Second chances are nods to optimism. It’s for us fallible humans, and brave souls who refuse to let setbacks interrupt their pursuit of happiness.
In other words, second chances are not for the timid, but for those who believe in rainbows after the storm.
This is what John Lloyd Cruz (as Engineer Popoy Gonzales) and Bea Alonzo (Architect Basha Eugenio) depict with a part-pathos, part joy, in Star Cinema’s newest box office hit, A Second Chance.
It’s all sweetness and light at the start, with Popoy and Basha’s eyes all aglow over their wedding the next day. The kilig factor carries moviegoers from one feel-good post-wedding scene to another.
NO FAIRY TALE. Alas, marriage, like life, is no fairy tale. The magic wears off, and you end up staring at the man or woman you married and asking yourself, “What have I done to deserve this spouse?”
This oh-so-familiar situation hooks moviegoers the way fishing bait lures marine creatures.
Married couples know the accusations and counter-accusations, the tears and other signs of a crumbling union so well. Single moviegoers witness these encounters over and over at home – with mom and dad, or tito and tita as main characters.
What sets A Second Chance apart, however, is the way John Lloyd and Bea kiss passionately, playfully tease each other in their love nest’s closet, and break down as if it’s the end of the world when their worst selves take over.
Your heart breaks when John Lloyd’s voice croaks in utter defeat. You want to wipe the tears from that pretty face when a hurt Bea looks at a downcast Popoy.
You’ve got to give it to John Lloyd and Bea for maximizing your capacity for compassion, and squeezing tear ducts dry.
Thank goodness director Cathy Garcia-Molina didn’t ask her actors to erupt in ear-splitting cries of despair or thrash about like persons possessed at the height of their characters’ problems.
Thank goodness Garcia-Molina inserted light moments to ease the sobbing scenes and ease the mounting tension.
A joke here, some gentle ribbing there, even a child’s innocent but uncalled-for words keep moviegoers from clenching their fists and stilling the beat of their hearts for prolonged moments.
Basha wears sexy lingerie in time for Popoy's arrival from work one night. But he shows up drunk in the arms of drinking buddies, and the mounting sensuality goes pfft.
You don’t expect heated sexy scenes in a John Lloyd-Bea film. However, there are naughty moments between the two as they enjoy their "honeymoon period."
You might even imagine even sexier thoughts whenever you hear the word "traffic."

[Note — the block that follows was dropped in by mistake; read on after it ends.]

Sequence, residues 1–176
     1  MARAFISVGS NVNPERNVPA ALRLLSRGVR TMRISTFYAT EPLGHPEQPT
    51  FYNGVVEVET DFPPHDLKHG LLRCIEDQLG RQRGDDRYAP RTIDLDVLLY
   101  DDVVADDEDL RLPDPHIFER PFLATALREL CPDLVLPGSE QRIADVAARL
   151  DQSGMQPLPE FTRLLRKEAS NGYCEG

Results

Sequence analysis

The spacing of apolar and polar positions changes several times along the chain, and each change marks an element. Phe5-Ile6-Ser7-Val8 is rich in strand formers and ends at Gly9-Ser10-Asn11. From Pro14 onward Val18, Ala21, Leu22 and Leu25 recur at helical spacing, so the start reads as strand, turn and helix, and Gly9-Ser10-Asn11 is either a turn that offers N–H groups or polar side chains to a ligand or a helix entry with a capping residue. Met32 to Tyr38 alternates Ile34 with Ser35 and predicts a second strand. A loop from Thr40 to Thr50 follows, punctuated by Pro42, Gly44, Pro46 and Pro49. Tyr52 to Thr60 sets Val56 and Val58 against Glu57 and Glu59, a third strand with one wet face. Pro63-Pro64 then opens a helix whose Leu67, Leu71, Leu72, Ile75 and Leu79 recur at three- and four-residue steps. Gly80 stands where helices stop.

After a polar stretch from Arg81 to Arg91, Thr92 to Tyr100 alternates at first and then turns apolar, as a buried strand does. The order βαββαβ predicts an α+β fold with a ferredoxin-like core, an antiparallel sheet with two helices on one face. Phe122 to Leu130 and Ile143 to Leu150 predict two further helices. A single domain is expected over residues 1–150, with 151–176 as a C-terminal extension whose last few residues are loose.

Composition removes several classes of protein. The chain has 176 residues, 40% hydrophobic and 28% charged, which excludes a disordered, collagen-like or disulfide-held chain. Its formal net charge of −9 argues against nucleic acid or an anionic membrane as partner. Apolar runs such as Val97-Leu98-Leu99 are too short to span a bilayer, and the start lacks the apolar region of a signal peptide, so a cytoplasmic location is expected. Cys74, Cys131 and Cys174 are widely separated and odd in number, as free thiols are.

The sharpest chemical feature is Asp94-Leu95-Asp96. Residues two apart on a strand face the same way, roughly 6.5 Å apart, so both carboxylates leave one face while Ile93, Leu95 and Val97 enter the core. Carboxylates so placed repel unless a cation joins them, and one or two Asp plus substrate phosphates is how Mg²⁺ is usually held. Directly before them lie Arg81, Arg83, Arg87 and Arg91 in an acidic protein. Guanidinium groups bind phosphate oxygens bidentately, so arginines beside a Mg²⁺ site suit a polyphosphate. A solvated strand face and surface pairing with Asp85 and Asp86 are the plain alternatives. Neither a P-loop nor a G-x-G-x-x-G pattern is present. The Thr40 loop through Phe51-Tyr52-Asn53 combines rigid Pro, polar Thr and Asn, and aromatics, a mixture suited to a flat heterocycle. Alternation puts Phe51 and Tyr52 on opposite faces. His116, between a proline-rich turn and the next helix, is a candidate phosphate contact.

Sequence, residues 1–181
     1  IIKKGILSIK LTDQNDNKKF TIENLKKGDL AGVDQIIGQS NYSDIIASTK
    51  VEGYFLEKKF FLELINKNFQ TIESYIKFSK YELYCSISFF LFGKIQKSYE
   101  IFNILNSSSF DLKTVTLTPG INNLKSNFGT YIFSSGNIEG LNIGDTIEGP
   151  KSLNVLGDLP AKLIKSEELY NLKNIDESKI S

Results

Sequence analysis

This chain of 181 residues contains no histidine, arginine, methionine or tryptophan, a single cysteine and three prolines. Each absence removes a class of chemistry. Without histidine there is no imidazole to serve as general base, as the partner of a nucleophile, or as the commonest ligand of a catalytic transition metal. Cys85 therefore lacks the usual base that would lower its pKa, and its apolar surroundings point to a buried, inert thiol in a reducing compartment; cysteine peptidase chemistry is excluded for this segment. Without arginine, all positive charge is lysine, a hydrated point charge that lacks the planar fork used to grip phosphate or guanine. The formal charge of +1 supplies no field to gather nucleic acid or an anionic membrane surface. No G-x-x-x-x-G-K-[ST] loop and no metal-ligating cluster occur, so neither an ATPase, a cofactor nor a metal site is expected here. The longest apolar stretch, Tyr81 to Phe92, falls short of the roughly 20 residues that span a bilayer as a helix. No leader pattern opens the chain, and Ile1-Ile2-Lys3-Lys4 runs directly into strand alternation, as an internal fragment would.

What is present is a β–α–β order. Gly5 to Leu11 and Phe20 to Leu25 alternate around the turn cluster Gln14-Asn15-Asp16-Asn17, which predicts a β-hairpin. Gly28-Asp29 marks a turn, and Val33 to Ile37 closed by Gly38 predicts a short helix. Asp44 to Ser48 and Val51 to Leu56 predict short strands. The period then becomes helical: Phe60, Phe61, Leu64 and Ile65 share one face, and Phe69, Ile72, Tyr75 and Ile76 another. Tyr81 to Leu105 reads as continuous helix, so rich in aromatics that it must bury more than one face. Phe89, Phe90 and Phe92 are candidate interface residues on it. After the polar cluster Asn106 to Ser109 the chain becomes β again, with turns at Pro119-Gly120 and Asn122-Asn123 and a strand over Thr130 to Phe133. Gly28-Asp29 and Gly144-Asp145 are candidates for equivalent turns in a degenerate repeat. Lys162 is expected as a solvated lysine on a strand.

You expect to get lost in a sea of romantic emotions sans the sexual tensions that go with it.
HUGOT LINES. And so, you have hugot lines you can repeat like a mantra and pass on to your lover, friend, or anyone you want to impress, educate, or simply regale with swoon-worthy lines.
A soon-to-be-married couple can borrow Popoy’s vow to Basha: "Pangako mamaya huling beses na nating maghihiwalay. Ito na ang huling gabi na merong ikaw at ako. Simula bukas ang meron na lang ay tayo. Tayo habang buhay. Hindi ka na matutulog ng mag-isa at hindi ka na gigising ng wala ako sa tabi mo. At itong mga kamay na ito, hindi ka na bibitawan, ha?”
A loving wife moaning over her husband’s errors can take a cue from Basha: "Gusto na kitang iwan ngayon, Poy. Gustong gusto ko na. Pero hindi ko gagawin, kasi nangako ako na kahit ang hirap hirap mong mahalin, mamahalin kita. Kahit na nasasaktan ako, susubukan ko pa. Kasi nangako ako. I promised to love you even if it hurts and to love you more when it hurts."
A husband and wife celebrating their anniversary can repeat Basha’s words to Popoy: "You are my what was, what is and what will be."
Like any marriage however, A Second Chance is not perfect.
You can’t claim "cinematic license" when Popoy and Basha merely stare at the blood on the latter’s hands after a client rejects their housing proposal.
The logical, and realistic thing to do, is to stop staring and rush to the nearest hospital to save an innocent life.
This is the movies, yes, but the audience can suspend their disbelief only so much.
Still, moviegoers don’t seem to mind. A Second Chance continues to make a killing at the tills.
Its insights on love, marriage and forgiveness, plus that enduring John Lloyd-Bea magic make A Second Chance a movie people wait in long lines outside cinema houses for.
A Third Chance should be in the works by now.
Considered the sequel of the 2007 movie One More Chance, A Second Chance has been graded B by the Cinema Evaluation Board.
PEPsters, what can you say about the movie, A Second Chance?
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Ed's Note: The "PEP Review" section carries the views of individual reviewers and does not necessarily reflect the views of the PEP editorial staff.
(Read: A Second Chance, starring John Lloyd Cruz and Bea Alonzo, earns P325 million in one week)